Thursday, October 14, 2010

The only movie I've walked out of (well, sort of) in ... well, it seems like forever

Before I get into any of that today, there's some rather amazing news about Luc Besson out there today, especially since the man very rarely bothers to direct movies these days that ever see their way into American movie theaters.

Even so, I'm sure just about everyone remembers the weird, wild and mostly wonderful "The Fifth Element." Sure, there are better sci-fi movies, but there aren't many that are more fun.

So, it's rather amazingly good news, courtesy of the froggy site, that Besson has been quietly plotting a return to that kind of big sci-fi epic. He told Europe 1 he's currently designing the creatures for a flick he would shoot in 2012 or 2013 for release in 2013 or 2014 (a ways out, I know, but since the man rarely deigns to step behind the camera any more, I guess we shouldn't be surprised.) Here's a bit more of what he had to say about it to Europe 1:

"When I did 'The Fifth Element,' I already had the technological tools that were a little outdated. With the advent of digital technology, it is amazing what you can do. The technique has caught the imagination. One can imagine anything, there will always be technicians to follow you in your delusion."

This could, of course, all fizzle out, but it sounds like nothing but cool so far, so stay tuned.

OK, after that today, I'm rarely in the business of telling people to not go see movies, but I'm gonna come fairly close today. I usually like to let people make up their own minds on just about anything, but I had a viewing experience the other day that just left my brain scarred, and unfortunately I'm still thinking about it five days later.

Allow me to explain. Though I still don't own a cell phone (and never will), I decided to update my viewing to at least the late 20th century by buying a flat TV that doesn't weigh 100 pounds and a blu-ray disc player. It's been great discovering this "new" technology (at least to a Luddite like me), and especially enjoying the Netflix watch instantly content streamed onto my TV (just watched the first season of "Veronica Mars" again, and indeed, TV just doesn't get much better than that.)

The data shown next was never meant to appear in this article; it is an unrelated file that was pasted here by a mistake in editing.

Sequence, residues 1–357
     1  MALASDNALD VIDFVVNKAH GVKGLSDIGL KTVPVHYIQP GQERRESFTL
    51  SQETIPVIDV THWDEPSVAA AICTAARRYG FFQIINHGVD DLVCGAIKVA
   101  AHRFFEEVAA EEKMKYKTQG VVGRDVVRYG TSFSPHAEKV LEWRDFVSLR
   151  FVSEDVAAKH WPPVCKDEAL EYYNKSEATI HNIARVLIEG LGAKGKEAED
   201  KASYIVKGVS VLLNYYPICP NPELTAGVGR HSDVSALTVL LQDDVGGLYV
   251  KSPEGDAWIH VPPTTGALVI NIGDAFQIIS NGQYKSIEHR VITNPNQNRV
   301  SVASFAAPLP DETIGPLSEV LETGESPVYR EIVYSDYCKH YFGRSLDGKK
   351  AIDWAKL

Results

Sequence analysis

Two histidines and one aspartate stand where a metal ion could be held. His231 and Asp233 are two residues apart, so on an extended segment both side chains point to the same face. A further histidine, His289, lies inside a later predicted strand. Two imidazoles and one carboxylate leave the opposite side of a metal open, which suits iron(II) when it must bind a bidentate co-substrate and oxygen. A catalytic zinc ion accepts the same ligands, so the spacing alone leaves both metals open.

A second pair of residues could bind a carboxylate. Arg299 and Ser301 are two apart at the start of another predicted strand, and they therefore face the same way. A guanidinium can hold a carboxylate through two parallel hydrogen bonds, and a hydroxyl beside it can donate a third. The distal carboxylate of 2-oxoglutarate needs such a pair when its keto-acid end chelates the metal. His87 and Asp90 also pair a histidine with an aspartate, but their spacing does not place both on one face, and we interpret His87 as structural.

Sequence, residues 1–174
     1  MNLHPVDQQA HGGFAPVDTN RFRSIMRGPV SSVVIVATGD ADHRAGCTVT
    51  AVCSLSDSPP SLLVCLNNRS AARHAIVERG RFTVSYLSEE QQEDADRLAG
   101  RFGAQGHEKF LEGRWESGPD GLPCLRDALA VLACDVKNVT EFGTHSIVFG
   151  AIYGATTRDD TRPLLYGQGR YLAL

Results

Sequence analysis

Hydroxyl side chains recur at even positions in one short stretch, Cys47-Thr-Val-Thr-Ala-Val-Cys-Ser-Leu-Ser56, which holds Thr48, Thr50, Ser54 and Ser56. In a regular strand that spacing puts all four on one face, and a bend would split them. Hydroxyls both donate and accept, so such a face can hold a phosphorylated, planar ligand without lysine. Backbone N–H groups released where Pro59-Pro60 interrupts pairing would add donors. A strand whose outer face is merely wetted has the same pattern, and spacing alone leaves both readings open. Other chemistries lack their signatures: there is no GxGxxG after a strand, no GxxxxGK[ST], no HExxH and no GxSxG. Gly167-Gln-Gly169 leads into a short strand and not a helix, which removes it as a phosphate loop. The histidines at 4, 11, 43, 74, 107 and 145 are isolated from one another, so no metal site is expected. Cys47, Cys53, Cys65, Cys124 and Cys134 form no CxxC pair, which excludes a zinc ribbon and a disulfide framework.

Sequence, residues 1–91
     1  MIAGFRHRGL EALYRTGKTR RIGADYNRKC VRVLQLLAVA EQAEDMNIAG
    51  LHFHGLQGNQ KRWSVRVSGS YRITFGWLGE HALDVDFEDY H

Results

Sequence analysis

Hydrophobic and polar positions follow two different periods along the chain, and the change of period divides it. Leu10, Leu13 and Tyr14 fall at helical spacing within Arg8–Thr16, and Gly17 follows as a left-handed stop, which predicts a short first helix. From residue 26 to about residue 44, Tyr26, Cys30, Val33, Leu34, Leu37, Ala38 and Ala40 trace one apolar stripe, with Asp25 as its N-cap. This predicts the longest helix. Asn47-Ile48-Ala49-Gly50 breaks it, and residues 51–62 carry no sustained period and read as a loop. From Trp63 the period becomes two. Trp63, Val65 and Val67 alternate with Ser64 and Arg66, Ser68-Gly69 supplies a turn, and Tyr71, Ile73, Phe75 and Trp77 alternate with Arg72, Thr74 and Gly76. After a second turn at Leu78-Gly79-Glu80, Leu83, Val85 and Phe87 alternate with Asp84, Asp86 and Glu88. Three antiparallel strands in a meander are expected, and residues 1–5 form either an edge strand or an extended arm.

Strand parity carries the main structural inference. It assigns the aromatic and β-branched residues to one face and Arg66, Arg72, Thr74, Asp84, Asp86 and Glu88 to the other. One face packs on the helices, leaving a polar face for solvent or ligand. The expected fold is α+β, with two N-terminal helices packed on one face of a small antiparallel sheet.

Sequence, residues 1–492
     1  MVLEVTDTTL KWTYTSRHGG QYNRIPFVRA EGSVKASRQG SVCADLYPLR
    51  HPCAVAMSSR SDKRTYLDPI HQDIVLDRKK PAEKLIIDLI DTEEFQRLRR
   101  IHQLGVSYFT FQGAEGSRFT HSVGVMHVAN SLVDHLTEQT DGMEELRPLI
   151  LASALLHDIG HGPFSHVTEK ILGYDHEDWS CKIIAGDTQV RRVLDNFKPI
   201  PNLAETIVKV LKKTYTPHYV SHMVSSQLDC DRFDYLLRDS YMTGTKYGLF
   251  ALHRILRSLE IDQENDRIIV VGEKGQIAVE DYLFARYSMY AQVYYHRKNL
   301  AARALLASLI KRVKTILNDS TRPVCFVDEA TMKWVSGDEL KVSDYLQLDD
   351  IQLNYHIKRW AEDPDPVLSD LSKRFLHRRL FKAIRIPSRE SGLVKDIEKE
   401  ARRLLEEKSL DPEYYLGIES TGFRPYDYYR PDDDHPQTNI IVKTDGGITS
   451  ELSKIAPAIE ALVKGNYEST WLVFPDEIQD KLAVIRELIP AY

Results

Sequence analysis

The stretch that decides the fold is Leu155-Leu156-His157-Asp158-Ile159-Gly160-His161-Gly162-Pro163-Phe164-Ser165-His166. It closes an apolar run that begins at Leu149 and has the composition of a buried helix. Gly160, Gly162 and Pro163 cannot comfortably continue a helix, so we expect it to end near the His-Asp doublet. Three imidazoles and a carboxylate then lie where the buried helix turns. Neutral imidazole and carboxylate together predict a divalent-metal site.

And last Saturday, I finally decided I should at least rent a blu-ray disc to see what all this picture quality was about. After a quick trip to the Redbox, I was rather happy to be coming home with Michael Winterbottom's "The Killer Inside Me," which I had wanted to see for a long time now.

Well, I never thought I would ever be a prude when it comes to movie violence, and I still really don't think I am, but be warned if you haven't seen it: This movie is thoroughly disgusting, and I couldn't bring myself to watch enough of it to find out if it eventually has any redeeming value.

I don't want to spoil too much of this in case anyone out there hasn't seen this and still wants to, but I'll tell you exactly how far I made it into Winterbottom's movie starring Casey Affleck, Jessica Alba and Kate Hudson. About 15 minutes in or so, there's a scene in which Affleck's character, a small-town sheriff of some sort, slowly and methodically beats to death a prostitute he's taken up with, played by Alba.

Now, I suppose there's some merit in the realism of this shot, but it nearly made me vomit, and frankly just kind of left me dazed. I made it through a few more minutes of the movie, which indeed looked amazing, before I had to just turn it off, the first time in as long as I can remember that I started a movie and simply couldn't finish it (hence the walked out of ... sort of, since I didn't actually walk out of my own house.)

I normally love Winterbottom's movies, in particular "24-Hour Party People" and "Tristram Shandy: A Cock and Bull Story," and one of the things I respect about him as a filmmaker is that he dives into all kinds of genres, so I'll definitely come back to him, but this was one time that I simply couldn't take it.

Please, if you've seen this movie, do let me know if it gets any better, because I really can't imagine any scenario in which I'll be able to bring myself to try and watch it again.

OK, after that rather rambling diatribe, all I have left today is a quartet or so of videos, and they're all pretty good. First up comes, finally, a promo for Conan O'Brien's new TBS show, premiering (I believe) Nov. 8, that fits his comedic skills. Those "Missing You" promos we're OK, but this one, complete with a car filled with "illegal fireworks from New Hampshire" and unpopped popcorn, is much, much better. Enjoy, and certainly tune in for whatever Conan's got cooked up when he finally returns to late night.